Born in Congo and raised in Belgium, Baloji was known as a rapper, musician, fashion designer and poet before he made his feature film debut with “Omen.” The film begins as a man from Congo who was shunned as a sorcerer returns to his home village from Europe with his pregnant girlfriend. But it shifts perspective among four different characters accused of sorcery.
When you were working as a musician, a fashion designer and a poet, did you want to get into film?
I’ve been interested in films forever. I’m an autodidact, self-taught. I was living above a video club for eight years, and they taught me cinema by giving me films to watch. The first movie they gave me was Gerry by Gus Van Sant. And then I saw everything. A lot of Milos Forman, a lot of Italian movies—a lot of Pasolini, a lot of Fellini, Antonioni. And that resonates with my work today.
What inspired this film?
There were a lot of layers, but if I’m being honest, it was the passing of my dad. I remember there were some cryers [professional mourners] in the living room where everybody was mourning. I saw a scene in my head where they cry so much that it becomes a fountain around them. And then I was like, wow, why are you seeing a movie scene instead of being in the moment with everybody? And then I went home and I decided to give a tribute to my dad. And I spent eight weeks writing the script based on that scene.
But also, I will say that all my work is based on my name. Because its meaning is sorcerer. It’s like being in the U.S.A. and your name is Devil or Demon. I grew up hating my name. Even as a performing artist on the radio, they didn’t want to say my name out loud. But I chose to use my name as an artist because I knew I had to accept it. Because the first meaning of Baloji was “man of science.” And when Christianity arrived in Congo, it became the good religion and Baloji meant bad religion, black magic.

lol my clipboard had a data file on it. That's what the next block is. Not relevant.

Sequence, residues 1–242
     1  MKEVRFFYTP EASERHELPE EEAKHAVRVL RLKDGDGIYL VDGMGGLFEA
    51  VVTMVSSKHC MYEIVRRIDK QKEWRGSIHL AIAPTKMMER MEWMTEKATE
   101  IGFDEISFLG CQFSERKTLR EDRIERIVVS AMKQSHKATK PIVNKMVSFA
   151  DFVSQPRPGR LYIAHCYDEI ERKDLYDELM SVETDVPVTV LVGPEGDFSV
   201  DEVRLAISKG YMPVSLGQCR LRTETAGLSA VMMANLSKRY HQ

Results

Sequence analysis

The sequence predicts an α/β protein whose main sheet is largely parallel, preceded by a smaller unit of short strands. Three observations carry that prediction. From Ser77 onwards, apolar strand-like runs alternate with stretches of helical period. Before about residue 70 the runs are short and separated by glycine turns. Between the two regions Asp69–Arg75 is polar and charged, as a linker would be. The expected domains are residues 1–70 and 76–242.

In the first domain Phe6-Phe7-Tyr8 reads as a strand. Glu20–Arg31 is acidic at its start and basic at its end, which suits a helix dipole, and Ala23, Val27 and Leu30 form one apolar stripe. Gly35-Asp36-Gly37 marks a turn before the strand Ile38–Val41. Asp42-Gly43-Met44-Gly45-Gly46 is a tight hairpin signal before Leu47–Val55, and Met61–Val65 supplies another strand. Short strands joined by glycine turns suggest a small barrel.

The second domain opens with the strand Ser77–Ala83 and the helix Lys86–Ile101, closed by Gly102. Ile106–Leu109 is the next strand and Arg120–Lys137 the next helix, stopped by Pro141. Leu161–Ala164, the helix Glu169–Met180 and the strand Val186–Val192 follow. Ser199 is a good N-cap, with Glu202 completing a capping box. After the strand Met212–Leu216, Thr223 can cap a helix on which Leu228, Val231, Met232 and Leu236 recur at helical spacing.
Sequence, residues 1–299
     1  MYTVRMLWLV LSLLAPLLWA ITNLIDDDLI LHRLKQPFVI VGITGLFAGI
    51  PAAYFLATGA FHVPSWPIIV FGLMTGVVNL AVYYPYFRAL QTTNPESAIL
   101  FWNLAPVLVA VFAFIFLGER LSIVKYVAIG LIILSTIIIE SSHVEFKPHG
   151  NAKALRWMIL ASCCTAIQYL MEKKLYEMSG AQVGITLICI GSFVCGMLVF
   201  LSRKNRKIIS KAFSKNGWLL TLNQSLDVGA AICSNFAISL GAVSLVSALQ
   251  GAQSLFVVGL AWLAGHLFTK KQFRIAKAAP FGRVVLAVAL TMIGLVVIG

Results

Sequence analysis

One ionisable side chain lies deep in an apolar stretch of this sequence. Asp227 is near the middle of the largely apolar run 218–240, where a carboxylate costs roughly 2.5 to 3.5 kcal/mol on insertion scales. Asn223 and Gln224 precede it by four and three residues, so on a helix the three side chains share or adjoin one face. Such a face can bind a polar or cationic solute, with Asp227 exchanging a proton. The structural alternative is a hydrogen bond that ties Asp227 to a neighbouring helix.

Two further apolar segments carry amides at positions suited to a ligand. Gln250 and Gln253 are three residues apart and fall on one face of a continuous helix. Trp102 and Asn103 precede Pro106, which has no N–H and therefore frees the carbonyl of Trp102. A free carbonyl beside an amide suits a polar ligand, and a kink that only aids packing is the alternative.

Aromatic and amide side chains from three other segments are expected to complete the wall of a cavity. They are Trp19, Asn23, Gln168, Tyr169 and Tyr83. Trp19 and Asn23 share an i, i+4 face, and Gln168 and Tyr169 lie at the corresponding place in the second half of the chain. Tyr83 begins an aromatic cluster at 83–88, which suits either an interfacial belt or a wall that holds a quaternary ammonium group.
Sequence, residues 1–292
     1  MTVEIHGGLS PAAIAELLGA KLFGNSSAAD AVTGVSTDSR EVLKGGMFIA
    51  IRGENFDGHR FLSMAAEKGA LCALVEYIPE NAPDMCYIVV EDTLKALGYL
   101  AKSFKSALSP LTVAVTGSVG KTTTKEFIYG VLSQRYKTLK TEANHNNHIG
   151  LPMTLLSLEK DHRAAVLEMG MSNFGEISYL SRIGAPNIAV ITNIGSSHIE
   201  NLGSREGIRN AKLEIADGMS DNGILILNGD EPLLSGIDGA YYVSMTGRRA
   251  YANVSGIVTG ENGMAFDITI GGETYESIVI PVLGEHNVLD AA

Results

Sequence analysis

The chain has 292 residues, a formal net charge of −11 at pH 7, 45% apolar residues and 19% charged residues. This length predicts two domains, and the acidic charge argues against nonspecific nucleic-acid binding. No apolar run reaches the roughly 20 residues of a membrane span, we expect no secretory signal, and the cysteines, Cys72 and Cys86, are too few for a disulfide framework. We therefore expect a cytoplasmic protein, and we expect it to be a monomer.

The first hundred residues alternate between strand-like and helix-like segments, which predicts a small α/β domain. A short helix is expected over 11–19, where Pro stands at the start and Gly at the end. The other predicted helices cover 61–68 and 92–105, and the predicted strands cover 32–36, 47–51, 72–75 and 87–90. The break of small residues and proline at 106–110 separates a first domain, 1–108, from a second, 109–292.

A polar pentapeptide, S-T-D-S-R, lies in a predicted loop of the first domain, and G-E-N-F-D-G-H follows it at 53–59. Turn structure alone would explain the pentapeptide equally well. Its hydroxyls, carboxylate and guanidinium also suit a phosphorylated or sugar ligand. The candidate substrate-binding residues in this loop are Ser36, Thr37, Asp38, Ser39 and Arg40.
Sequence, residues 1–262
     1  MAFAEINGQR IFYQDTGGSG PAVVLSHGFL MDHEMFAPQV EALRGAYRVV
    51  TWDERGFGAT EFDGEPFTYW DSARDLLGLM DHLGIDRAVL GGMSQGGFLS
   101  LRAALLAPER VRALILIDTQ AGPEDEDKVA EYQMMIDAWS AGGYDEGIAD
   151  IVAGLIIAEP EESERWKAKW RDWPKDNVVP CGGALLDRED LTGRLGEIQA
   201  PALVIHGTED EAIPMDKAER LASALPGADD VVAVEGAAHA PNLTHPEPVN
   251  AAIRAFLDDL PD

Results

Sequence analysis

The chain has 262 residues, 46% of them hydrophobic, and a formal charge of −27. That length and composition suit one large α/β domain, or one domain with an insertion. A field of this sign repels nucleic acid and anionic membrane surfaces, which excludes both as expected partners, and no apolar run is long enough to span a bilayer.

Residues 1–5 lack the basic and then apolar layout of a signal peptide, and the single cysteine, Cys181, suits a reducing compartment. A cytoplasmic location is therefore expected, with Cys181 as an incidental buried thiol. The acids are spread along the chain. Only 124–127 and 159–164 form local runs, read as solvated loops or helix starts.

I understand you had trouble securing funding because it’s an adventurous film with shifting perspectives.
Yeah. The script was difficult for people. And also, people were reluctant to believe in somebody like me, because I work in music, I work in fashion, I work in commercials, which is seen as the worst art form ever. [Laughs] I got rejected 21 times, and two times they said yes. Belgium and Netherlands said yes.
But you only needed two, right?
I needed a little bit more, because it’s a $1.2 million film. Trust me, it’s a very, very small budget. It helped me that I learned how to be structured doing commercials and short films. We storyboard everything, we know what we are going to do and where we are going to shoot. Everything is prepared, otherwise it’s not possible. But it was super difficult.
In addition to writing, directing, doing the costume and production design, you also wrote the music for the film — and before the shoot, didn’t you write four entire albums, one for each of the main characters?
That’s where I’m crazy. That’s why you have in front of you the most stupid guy ever. I wrote the script and it was like a year between the writing and the shooting. So I decided to make music for the point of view of each character. I was thinking to do two to four songs per album, and I ended up doing 20 songs per character. [Laughs] But when I made the movie, I was like, “Nah, it doesn’t feel right. It doesn’t match.” And my producer was like, “This guy is crazy.” But I gave the music to the actors, and it did give them some insight, some backstory, some emotion of the characters. The music gave us a rhythm and helped us create a language for the filming.